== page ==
Readers, a bonus post this week: I stumbled onto the following striking excerpt in Dale Carnegie's seminal self-help book How to Win Friends and Influence People. The ideas here are simple, yet relevant to the sometimes controversial issues we discuss here at Casual Kitchen. There's help here for any instance where we're in disagreement with others. Read on and please share your thoughts.
How to Keep a Disagreement from Becoming an Argument
Welcome the disagreement. Remember the slogan, "When two partners always agree, one of them is not necessary." If there is some point you haven't thought about, be thankful if it is brought to your attention. Perhaps this disagreement is your opportunity to be corrected before you make a serious mistake.
Distrust your first instinctive impression. Our first natural reaction in a disagreeable situation is to be defensive. Be careful. Keep calm and watch out for your first reaction. It may be you at your worst, not your best.
Control your temper. Remember, you can measure the size of a person by what makes him or her angry.
Listen first. Give your opponents a chance to talk. Let them finish. Do not resist, defend or debate. This only raises barriers. Try to build bridges of understanding. Don't build higher barriers of misunderstanding.
Look for areas of agreement. When you have heard your opponents out, dwell first on the points and areas on which you agree.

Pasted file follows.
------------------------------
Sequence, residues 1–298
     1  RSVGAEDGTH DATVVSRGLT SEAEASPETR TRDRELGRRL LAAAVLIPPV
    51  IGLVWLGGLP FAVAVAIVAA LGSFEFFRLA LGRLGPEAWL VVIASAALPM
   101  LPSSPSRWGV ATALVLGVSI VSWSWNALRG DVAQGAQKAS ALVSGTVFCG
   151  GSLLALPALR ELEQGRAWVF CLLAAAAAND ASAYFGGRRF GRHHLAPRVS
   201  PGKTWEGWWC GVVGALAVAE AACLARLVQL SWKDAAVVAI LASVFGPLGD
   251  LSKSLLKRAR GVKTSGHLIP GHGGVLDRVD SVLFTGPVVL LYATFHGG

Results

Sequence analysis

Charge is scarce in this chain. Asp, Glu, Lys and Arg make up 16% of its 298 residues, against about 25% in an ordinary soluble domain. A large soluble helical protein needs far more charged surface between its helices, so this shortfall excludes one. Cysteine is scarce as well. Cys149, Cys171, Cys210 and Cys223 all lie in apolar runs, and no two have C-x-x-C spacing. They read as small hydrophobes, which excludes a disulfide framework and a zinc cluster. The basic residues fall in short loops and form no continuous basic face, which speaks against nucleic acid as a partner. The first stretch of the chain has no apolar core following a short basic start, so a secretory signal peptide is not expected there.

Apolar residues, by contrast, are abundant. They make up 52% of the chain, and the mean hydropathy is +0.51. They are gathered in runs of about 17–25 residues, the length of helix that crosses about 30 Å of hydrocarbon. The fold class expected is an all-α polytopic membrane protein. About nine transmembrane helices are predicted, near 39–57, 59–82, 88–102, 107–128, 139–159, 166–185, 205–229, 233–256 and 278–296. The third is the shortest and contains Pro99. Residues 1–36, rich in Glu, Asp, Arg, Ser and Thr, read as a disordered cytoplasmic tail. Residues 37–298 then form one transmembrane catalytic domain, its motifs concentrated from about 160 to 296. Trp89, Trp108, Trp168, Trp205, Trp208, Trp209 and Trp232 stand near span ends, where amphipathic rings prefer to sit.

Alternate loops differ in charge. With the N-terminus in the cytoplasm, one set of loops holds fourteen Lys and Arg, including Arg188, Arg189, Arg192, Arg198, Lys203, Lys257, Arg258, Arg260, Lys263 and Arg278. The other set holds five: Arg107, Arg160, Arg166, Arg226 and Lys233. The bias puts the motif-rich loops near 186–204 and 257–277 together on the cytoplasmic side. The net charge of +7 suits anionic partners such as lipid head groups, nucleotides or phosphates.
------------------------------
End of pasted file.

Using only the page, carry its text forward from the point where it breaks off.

Be honest. Look for areas where you can admit error and say so. Apologize for your mistakes. It will help disarm your opponents and reduce defensiveness.
Promise to think over your opponents' ideas and study them carefully. And mean it. Your opponents may be right. It is a lot easier at this stage to agree to think about their points than to move rapidly ahead and find yourself in a position where your opponents can say: "We tried to tell you, but you wouldn't listen."
Thank your opponents sincerely for their interest. Anyone who takes the time to disagree with you is interested in the same things you are. Think of them as people who really want to help you, and you may turn your opponents into friends.
The advice above seems incredibly simple, doesn't it? Almost too simple, like much of what you typically find in run-of-the-mill self-help literature. In reality, however, this passage asks you to do something fairly sophisticated: it asks you to reframe disagreement into something more powerful and useful.
Most of us instantly put up barriers when we bump up against disagreement. Imagine if we repatterned that instinctive reaction and instead viewed disagreement as an opportunity to learn and collaborate.
A final thought: I'm always surprised by how much value I get each time I return to Dale Carnegie's book. How to Win Friends and Influence People is an innocent book from another era, not really the kind of book that would much get traction in today's era of rampant irony, snark and hipsterism. And yet the ideas in this book--listening first, seeking areas of agreement and common ground, giving honest praise and approbation and so on--are more true today than ever. Highly recommended.
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